Software Migration


A profes­sio­nally reali­sed software migration means

  • safeguar­ding indivi­dua­lity, know-how and unique selling points
  • paving the way for future-proof platforms and develo­p­ment environments
  • opening up the modern world of infor­ma­tion and communication
  • preser­ving indepen­dence of proprie­tary manufac­tu­r­ers and licence products
  • saving time and costs

Compared to a new develo­p­ment, a software migration has the decisive advan­tage that it requi­res less effort. Experi­ence from several projects proves a ratio of 1:8. If a migration project has an expec­ted scope of 15 man-years (which is a quite common time span), for example, about 120 man-years would have to be calcu­la­ted for a develo­p­ment from scratch.

A software migration usually embraces all compon­ents of a legacy system (program­mes, screens, files, jobs, middle­ware, databases).

The graphic shows the migration paths supported by us and the software tools used accordingly.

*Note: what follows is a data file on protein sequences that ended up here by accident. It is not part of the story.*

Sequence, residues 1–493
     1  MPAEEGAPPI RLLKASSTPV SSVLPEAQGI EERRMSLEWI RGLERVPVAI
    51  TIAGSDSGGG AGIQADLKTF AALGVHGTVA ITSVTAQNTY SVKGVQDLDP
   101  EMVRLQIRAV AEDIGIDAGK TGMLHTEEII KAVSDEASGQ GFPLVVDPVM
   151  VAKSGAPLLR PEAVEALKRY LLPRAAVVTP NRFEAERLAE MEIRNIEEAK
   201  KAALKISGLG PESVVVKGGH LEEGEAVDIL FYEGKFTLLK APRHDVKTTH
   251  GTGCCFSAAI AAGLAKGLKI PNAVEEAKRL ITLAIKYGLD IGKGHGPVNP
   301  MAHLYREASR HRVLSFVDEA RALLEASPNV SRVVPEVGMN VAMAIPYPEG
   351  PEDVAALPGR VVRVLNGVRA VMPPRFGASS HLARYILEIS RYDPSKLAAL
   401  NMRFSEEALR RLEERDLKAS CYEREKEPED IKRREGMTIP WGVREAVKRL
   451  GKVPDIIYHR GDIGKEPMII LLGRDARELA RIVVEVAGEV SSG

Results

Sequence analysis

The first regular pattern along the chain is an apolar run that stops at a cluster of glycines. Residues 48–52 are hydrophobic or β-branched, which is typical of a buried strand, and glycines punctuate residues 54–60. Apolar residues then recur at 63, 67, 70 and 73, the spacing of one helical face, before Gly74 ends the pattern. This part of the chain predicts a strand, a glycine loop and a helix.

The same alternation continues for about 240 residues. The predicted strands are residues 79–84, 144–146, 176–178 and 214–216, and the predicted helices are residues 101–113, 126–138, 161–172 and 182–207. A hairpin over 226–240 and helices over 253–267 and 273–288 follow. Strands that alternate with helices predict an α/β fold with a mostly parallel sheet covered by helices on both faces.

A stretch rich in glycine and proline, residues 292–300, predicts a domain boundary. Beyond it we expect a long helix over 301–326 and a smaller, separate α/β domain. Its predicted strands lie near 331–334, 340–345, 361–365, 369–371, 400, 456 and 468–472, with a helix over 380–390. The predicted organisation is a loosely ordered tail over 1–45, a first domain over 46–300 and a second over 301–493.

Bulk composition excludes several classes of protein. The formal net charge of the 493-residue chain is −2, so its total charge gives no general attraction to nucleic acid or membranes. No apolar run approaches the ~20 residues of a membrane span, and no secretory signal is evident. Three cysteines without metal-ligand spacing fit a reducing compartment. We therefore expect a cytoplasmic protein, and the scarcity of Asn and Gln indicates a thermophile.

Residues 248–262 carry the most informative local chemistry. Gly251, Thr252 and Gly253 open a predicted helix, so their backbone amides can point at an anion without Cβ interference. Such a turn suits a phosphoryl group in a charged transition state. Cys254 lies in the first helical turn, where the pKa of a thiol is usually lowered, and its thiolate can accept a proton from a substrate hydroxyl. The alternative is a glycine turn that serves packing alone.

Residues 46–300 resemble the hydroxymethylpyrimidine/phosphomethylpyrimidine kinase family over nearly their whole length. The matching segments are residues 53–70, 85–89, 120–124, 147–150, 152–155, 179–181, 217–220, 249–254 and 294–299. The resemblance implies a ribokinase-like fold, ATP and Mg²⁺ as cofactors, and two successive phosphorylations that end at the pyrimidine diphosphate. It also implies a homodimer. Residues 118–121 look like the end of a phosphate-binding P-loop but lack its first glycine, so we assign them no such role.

Over the last 30 years, we have successfully reali­sed migration projects – on time and on budget. Naturally, our experi­ence gained over the years flows into current and future migration projects.


A software migration can only be managed with sophisti­ca­ted migration tools and technologies.

Our unique selling point is the consis­tent appli­ca­tion of scien­ti­fic compi­­ler-building methods in the develo­p­ment of technology and tools, resul­ting in a high level of automa­tion. This in turn reduces the project duration, project costs and error rate in contrast to manual migration. Our tools and techno­lo­gies support all compon­ents of a migration project (program­mes, middle­ware, files/databases, screens, job control languages etc.).

Each migration project is unique. The pecBOX (pro et con – Toolbox for Software Migration) develo­ped by us adapts migration tools and techno­lo­gies quickly, flexi­bly and cost-effec­­tively to indivi­dual custo­mer needs.


Each of our migration projects follows a defined process. Every stage can be conside­red as a joint project between our custo­mer and us. The follo­wing figure illus­tra­tes the process from a workshop to refactoring: